Background Bumble bees (Hymenoptera: Apidae, Bombus) are pollinators of wild and economically important flowering plants. However, at least four bumble bee species have declined significantly in population abundance and geographic range relative to historic estimates, and one species is possibly extinct. While a wealth of historic data is now available for many of the North American species found to be in decline in online databases, systematic survey data of stable species is still not publically available. The availability of contemporary survey data is critically important for the future monitoring of wild bumble bee populations. Without such data, the ability to ascertain the conservation status of bumble bees in the United States will remain challenging. New information This paper describes USBombus, a large database that represents the outcomes of one of the largest standardized surveys of bumble bee pollinators (Hymenoptera, Apidae, Bombus) globally. The motivation to collect live bumble bees across the United States was to examine the decline and conservation status of Bombus affinis, B. occidentalis, B. pensylvanicus, and B. terricola. Prior to our national survey of bumble bees in the United States from 2007 to 2010, there have only been regional accounts of bumble bee abundance and richness. In addition to surveying declining bumble bees, we also collected and documented a diversity of co-occuring bumble bees. However we have not yet completely reported their distribution and diversity onto a public online platform. Now, for the first time, we report the geographic distribution of bumble bees reported to be in decline (Cameron et al. 2011), as well as bumble bees that appeared to be stable on a large geographic scale in the United States (not in decline). In this database we report a total of 17,930 adult occurrence records across 397 locations and 39 species of Bombus detected in our national survey. We summarize their abundance and distribution across the United States and association to different ecoregions. The geospatial coverage of the dataset extends across 41 of the 50 US states, and from 0 to 3500 m a.s.l. Authors and respective field crews spent a total of 512 hours surveying bumble bees from 2007 to 2010. The dataset was developed using SQL server 2008 r2. For each specimen, the following information is generally provided: species, name, sex, caste, temporal and geospatial details, Cartesian coordinates, data collector(s), and when available, host plants. This database has already proven useful for a variety of studies on bumble bee ecology and conservation. However it is not publicly available. Considering the value of pollinators in agriculture and wild ecosystems, this large database of bumble bees will likely prove useful for investigations of the effects of anthropogenic activities on pollinator community composition and conservation status.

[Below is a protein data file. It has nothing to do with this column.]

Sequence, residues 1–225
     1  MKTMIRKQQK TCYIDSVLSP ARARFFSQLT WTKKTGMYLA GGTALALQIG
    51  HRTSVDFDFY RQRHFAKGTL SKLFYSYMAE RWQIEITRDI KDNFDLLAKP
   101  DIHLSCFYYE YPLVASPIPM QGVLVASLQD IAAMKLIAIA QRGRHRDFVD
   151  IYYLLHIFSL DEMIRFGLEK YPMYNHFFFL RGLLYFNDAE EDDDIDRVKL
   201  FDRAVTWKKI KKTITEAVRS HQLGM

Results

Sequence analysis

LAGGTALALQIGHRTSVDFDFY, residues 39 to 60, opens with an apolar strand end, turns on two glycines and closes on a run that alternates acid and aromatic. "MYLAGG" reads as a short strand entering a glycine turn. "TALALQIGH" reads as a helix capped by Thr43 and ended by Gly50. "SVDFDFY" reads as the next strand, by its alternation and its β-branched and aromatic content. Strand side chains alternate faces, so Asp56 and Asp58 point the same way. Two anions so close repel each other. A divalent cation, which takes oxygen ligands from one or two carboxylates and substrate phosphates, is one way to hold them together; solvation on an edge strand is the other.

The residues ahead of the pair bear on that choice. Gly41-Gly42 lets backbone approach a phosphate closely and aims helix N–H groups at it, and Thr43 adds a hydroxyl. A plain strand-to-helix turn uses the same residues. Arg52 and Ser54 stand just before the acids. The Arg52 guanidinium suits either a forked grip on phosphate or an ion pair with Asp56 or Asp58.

- North America
- Standardized survey
ASJC Scopus subject areas
- Ecology, Evolution, Behavior and Systematics